Traditionally, analysts often assess oil resources based on generalities or broad assumptions. However, consultancy group Wood Mackenzie says when trying to understand where to get more oil, precision is key.
The upstream industry remains active and must fill the 450 billion barrels equivalent (boe) of undeveloped supply needed by 2040. Today, there is no resource shortage overall, but the supply opportunity is overshadowed because the industry has a lot more supply than demand, WoodMac said. This means only the best oil – the most advantaged resources – makes it to the market.
In the case of WoodMac’s analysis, understanding what attributes impact oil recovery factors helped answer their pointed question, ‘Which countries have the best performing deepwater reservoirs?’
“We found that 80% of the remaining deepwater oil resources will come from five countries (Brazil, US, Gulf of Mexico, Guyana, Nigeria, and Angola), therefore, understanding the quality of their reservoirs is key to identifying who has the best oil,” said Dr. Andrew Latham, Vice-President Subsurface Research for Wood Mackenzie.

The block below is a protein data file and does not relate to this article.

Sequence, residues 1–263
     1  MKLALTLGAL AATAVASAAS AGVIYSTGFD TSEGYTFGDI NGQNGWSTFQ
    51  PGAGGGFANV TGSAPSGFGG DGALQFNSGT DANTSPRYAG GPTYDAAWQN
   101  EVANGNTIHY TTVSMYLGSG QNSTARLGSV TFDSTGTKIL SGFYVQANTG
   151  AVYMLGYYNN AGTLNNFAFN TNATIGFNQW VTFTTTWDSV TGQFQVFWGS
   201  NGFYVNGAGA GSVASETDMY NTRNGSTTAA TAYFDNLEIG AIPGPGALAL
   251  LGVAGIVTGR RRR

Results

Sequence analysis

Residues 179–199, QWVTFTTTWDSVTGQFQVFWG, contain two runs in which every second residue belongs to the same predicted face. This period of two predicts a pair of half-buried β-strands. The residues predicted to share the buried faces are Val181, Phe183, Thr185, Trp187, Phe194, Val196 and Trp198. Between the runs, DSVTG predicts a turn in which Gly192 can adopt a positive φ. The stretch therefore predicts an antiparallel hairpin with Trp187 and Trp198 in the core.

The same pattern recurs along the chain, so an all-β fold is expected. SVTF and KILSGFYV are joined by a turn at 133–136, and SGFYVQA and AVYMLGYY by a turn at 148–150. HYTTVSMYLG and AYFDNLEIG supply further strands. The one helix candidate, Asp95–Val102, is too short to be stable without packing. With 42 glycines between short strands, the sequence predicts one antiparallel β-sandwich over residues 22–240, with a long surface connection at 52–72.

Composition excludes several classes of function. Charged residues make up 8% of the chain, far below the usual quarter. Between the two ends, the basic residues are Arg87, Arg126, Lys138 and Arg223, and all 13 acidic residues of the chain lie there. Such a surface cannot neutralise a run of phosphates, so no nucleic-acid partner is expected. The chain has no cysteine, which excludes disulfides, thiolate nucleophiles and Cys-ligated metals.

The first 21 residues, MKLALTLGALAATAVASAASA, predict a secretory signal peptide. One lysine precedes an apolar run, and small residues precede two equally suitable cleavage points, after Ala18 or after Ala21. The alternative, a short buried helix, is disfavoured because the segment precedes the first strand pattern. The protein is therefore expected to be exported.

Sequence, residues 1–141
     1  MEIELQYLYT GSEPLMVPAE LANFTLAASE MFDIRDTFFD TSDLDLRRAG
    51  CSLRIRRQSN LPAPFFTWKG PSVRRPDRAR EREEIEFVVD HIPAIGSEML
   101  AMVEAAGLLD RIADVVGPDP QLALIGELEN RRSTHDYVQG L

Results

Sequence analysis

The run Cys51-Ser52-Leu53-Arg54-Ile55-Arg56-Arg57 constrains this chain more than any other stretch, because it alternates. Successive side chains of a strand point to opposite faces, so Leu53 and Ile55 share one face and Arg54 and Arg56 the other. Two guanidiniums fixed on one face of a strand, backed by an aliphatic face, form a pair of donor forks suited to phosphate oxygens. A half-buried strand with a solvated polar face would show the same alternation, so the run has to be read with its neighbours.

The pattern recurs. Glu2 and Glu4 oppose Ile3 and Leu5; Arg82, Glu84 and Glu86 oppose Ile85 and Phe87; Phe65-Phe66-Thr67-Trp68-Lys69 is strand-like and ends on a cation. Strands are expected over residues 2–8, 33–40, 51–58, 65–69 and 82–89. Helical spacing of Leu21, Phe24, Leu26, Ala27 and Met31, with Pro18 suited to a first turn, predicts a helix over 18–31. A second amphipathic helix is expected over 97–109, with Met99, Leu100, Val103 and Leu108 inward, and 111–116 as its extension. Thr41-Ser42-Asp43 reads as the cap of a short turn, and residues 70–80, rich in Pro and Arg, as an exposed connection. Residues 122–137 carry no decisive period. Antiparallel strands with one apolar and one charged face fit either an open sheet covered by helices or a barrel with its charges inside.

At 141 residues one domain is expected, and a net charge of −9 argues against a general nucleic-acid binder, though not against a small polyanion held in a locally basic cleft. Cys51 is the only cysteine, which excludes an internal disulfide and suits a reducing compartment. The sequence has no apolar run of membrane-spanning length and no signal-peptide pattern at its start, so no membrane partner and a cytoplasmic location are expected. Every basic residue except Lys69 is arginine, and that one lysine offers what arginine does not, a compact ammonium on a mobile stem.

The deepwater reservoirs in Guyana’s Stabroek block where more than 9 billion barrels of oil have been found rank among the best in the world for quality and are expected to deliver high productivity.
“The reservoirs rank among the highest quality in the world with high porosity and permeability that are expected to deliver very high recovery factors and production rates,” says John Hess, CEO of Hess Corporation.
With every new discovery off the coast of Guyana, analysts have been ramping up their projections for output, making it clear that the new oil producing nation is on course to become one of Latin America’s top producers, potentially second only to Brazil.
“It’s one of the major petroleum provinces in the world,” Hess said. “The first three ships that we authorized have a break even between $25 Brent and $35 Brent. We see multi-billion barrels of exploration potential there.”